American Academy of Forensic Science
American Correctional Association
American Jail Association
American Society of Criminology
There are also professional associations specifically dedicated to veterans in criminal justice. These include the Veterans Justice Commission, the Justice Involved Veterans Network (JIVN), and Justice For Vets. These organizations can contribute to networking within the criminal justice field for veterans by providing a comprehensive list of organizations and associations associated with the field, volunteer opportunities, and facilitating mentorship opportunities.
Success Stories: Veterans Thriving in Criminal Justice Careers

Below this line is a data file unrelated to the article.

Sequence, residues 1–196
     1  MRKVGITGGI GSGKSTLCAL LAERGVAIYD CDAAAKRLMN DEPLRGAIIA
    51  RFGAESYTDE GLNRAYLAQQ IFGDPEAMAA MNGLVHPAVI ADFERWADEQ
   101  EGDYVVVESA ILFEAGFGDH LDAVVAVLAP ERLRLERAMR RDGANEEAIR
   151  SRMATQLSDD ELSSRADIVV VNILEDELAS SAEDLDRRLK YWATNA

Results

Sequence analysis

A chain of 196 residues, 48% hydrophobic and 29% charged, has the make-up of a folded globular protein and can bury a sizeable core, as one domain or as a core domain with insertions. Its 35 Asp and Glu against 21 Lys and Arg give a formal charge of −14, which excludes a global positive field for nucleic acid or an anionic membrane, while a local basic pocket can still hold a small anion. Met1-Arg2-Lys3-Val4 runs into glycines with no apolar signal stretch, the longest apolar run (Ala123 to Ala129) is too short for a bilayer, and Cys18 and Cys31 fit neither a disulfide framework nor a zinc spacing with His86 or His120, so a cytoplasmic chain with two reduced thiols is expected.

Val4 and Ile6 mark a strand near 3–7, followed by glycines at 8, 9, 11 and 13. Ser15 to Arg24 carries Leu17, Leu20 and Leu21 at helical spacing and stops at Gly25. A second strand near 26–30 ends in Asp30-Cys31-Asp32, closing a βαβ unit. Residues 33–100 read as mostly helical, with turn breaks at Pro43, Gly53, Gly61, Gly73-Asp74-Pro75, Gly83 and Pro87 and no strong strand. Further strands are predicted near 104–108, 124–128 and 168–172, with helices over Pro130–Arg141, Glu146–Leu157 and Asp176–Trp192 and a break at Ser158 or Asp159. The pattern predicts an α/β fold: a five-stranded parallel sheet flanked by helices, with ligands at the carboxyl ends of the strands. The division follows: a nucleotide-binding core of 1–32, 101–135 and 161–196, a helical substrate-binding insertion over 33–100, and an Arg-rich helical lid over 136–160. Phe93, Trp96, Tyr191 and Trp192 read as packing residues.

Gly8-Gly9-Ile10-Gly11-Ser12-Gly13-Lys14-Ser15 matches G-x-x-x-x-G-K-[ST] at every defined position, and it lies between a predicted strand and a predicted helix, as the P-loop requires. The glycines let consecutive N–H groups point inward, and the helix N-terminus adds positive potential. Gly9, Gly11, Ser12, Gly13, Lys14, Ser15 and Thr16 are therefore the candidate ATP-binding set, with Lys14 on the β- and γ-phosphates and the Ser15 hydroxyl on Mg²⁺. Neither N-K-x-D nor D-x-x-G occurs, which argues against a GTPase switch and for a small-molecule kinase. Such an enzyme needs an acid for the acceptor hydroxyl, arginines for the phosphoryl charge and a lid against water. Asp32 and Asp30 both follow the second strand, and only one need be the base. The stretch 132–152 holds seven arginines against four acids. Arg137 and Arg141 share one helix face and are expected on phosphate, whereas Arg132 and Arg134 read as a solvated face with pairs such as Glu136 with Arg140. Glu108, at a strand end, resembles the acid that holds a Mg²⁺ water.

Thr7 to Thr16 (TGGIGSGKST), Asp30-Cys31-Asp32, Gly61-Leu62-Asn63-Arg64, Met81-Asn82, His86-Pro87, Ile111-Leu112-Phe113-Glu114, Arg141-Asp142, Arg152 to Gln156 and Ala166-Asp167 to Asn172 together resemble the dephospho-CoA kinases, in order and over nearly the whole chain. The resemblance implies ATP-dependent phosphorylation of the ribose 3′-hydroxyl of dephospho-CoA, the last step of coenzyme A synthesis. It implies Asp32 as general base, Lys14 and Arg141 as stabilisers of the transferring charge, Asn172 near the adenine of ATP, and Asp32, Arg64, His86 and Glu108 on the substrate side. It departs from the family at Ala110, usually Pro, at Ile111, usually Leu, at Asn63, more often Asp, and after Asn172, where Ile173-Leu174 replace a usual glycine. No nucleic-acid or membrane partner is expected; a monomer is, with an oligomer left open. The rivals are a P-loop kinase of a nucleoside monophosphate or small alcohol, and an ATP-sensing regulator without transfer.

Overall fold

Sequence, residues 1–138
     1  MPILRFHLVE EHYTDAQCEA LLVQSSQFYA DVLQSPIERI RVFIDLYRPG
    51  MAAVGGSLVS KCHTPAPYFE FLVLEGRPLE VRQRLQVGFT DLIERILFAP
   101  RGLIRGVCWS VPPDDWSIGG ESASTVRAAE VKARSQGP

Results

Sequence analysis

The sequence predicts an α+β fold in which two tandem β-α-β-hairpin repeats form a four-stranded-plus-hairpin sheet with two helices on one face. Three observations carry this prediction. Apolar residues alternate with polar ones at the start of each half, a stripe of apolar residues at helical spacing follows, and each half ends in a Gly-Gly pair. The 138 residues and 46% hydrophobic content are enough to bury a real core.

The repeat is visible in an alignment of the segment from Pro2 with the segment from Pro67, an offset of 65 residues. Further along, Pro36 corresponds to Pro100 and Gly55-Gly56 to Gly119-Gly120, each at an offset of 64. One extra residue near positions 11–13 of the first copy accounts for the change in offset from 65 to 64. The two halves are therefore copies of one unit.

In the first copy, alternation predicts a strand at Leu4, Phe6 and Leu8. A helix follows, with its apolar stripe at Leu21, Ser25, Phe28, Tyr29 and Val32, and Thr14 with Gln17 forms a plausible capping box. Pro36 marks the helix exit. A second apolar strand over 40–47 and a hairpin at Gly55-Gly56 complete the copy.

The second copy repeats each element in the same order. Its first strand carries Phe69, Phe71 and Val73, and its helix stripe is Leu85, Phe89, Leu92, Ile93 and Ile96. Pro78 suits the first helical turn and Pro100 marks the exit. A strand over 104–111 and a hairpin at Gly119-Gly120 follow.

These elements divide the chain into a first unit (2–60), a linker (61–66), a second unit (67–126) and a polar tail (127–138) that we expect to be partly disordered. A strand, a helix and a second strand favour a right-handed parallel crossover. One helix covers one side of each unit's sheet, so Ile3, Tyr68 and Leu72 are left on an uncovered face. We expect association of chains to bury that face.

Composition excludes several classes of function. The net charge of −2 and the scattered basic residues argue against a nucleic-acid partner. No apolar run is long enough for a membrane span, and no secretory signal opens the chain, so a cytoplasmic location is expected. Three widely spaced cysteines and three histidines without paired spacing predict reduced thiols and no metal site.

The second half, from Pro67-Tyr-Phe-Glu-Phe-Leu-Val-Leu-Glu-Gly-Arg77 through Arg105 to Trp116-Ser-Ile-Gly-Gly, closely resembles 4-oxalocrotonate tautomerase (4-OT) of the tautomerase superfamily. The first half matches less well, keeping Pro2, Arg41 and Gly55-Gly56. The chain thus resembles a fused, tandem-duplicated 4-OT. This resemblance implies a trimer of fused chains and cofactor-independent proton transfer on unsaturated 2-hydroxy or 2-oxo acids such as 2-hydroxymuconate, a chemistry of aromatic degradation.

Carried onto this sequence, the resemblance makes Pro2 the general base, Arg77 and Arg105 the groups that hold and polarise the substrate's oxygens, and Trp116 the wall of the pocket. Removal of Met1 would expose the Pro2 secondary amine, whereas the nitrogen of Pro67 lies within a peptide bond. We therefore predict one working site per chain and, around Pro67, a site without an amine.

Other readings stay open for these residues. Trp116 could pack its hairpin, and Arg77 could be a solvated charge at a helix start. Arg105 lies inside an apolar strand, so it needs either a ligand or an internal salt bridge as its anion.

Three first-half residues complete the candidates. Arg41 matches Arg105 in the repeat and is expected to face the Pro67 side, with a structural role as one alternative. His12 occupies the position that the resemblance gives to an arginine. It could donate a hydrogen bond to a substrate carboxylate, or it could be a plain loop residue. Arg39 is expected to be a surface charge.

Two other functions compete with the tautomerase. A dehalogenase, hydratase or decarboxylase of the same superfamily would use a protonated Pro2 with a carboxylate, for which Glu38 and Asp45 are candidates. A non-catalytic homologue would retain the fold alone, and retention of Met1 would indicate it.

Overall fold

Many veterans have successfully navigated the transition from military service to a civilian career in criminal justice. Their stories serve as an inspiration for others considering a similar transition. Numerous veterans have effectively transitioned into criminal justice careers, leveraging their military experience as a valuable foundation.
Two such veterans are Sebastian Andrews, a Navy veteran who utilized his criminal justice degree to excel in emergency management, and Aaron Torres, who made a successful transition into a civilian criminal justice career through the Boots to Suits program. Veterans apply their military skills in their criminal justice careers by utilizing their resilience, demeanor, and interpersonal skills critical to success in the field. They excel in roles such as detectives, police officers, and many others where critical thinking and management of high-stress scenarios are essential.